Every Atom. Erin Coughlin Hollowell. Boreal Books. An Imprint of Red Hen Press. Pasadena, California. 2018.
There are few things harder than watching your parents fade away in front of your eyes. The loss of memory can narrow a parents universe to the point where you can no long provide comfort. Welcome to Erin Coughlin Hollowell's Every Atom.
This mother and daughter diorama is poignant, prescient and palliative. Parts of our lives, the end parts, are often lived out in slow operas of dissension. Those we love slowly ebbing to the side of the stage and then out of lights until we become them and then full curtain to black.
Every Atom narrates a horrific battle wrought tender, a one way abandonment, not deliberate, but terminal. Hollowell understands mortality but can't embrace it, can't fight it.
Who learns under it to
destroy the teacher
First they taught us how
to put on our white
gloves. How to scrub each
night to keep them clean.
Never mind that I
was six and that boys
just twelve years older
died every day in
the jungle. Totted
where they fell. We learned
to diaper babies,
to pin away from
the child's skin and
toward our own. How
to curtsy and sit,
ankles crossed, our hands
like sleeping birds in
our laps. Each dinner,
gunfire from helicopters.
Mother had me set
the dinner table.
I had been trained which
direction the knife
blade should face. I knew
how to use a shrimp
fork. I could iron
anything smooth. I
was a child, but I
knew that white gloves
and party manners were
best, because when I
was silent, clean, and
neat, my mother
would love me.
Or so I was taught.
Every Atom is lamentation and prayer, fear and the cost of freedom, Erin Coughlin Hollowell renders us hopelessly hopeful, dutifully doomed. There is no getting out alive. The lead in every single story will do this dance, one way or another. Hollowell's lamentations have character and beauty mixed in with the sadness.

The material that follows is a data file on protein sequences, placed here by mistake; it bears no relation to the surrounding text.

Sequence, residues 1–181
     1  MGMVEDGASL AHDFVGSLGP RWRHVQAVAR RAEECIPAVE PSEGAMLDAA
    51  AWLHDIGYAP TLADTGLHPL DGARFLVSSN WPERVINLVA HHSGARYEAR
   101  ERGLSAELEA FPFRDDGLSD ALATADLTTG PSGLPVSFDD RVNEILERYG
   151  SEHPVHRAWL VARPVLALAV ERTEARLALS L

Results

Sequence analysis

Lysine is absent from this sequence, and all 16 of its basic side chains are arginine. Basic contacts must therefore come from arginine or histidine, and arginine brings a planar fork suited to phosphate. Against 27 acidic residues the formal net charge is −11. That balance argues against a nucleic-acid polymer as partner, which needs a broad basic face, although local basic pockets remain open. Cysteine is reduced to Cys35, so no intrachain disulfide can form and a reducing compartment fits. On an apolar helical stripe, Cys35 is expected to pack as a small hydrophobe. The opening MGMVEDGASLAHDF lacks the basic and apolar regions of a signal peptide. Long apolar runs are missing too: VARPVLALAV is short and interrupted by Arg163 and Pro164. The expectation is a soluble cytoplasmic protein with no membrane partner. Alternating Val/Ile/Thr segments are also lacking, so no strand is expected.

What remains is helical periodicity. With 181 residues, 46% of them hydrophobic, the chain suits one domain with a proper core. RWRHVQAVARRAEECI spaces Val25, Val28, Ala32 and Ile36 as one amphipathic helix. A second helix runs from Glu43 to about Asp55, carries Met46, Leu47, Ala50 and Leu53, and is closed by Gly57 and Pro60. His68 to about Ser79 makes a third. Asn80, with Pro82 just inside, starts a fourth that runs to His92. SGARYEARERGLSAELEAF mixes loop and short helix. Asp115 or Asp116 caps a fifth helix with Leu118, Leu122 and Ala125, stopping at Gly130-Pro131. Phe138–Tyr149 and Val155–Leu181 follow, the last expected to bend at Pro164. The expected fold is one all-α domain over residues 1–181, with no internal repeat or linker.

Hope raises her innocent resilience higher with almost every turn of the page in spite of the obvious stations of impending doom waiting.
One of the hardest parts of living is continuing on when those we love most leave, perish, die. Perhaps even harder are those circumstances where a loved one leaves in stages. Cognitive skills and memory echo out hollow canyons where our love used to be. A loved voice recedes in fear from the very souls who love hardest and longest. Hollowell's sorrows are not unique, we all have them. That Hollowell makes these circumstances into art is the joy.
If they are not the riddle and the untying
of the riddle, they are nothing
We are built for breaking. We know this
and yet still more babies are born
with their soft skulls and hunger.
What word can stop a bullet? Walking
down the wrong street, a woman is in the sudden
embrace of a stranger drunk on luck's spittle.
All of us put our hope in time, as if simple
accretion will make our lives valuable.
For some people, it rains every damn day.
All of those names etched in stone, all
the different ways we shine ourselves
like tiny moons reflecting a broken code.
We scatter. The sea rises and gnaws away
at the territory we mapped so assuredly.
So many stories we thought we would
never forget. A lost saint for every family.
At night, I rest my lips against my lover's throat,
his pulse beneath carries me along in my little boat
of affection and need. Oh this wreckage life,
the breath of a hare dreaming in a hawk's shadow.